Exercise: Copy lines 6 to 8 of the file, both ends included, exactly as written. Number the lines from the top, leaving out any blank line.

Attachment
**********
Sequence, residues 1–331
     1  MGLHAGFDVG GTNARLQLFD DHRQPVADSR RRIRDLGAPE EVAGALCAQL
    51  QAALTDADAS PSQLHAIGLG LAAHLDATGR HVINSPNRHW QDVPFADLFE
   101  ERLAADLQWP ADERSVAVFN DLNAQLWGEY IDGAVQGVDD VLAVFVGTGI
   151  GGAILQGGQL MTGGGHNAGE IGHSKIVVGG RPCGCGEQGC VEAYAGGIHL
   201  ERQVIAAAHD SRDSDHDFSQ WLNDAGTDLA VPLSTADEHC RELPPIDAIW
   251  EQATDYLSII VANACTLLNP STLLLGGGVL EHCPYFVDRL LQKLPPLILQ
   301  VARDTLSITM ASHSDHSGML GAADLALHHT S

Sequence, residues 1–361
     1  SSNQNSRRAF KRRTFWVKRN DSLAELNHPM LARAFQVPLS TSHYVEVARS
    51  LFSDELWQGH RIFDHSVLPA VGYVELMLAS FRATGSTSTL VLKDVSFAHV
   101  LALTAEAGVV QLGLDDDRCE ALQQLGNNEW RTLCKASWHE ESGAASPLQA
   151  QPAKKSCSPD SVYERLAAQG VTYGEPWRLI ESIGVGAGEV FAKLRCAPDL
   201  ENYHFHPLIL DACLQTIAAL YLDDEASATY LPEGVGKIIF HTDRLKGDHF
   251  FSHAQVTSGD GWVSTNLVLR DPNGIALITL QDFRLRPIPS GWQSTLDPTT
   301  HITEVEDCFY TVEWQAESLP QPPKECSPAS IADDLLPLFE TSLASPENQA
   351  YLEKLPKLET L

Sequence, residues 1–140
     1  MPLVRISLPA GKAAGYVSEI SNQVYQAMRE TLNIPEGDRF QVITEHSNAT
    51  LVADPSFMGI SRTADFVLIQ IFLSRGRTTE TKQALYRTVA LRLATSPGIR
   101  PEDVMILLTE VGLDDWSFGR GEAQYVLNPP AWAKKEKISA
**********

   201  ERQVIAAAHD SRDSDHDFSQ WLNDAGTDLA VPLSTADEHC RELPPIDAIW
   251  EQATDYLSII VANACTLLNP STLLLGGGVL EHCPYFVDRL LQKLPPLILQ
   301  VARDTLSITM ASHSDHSGML GAADLALHHT S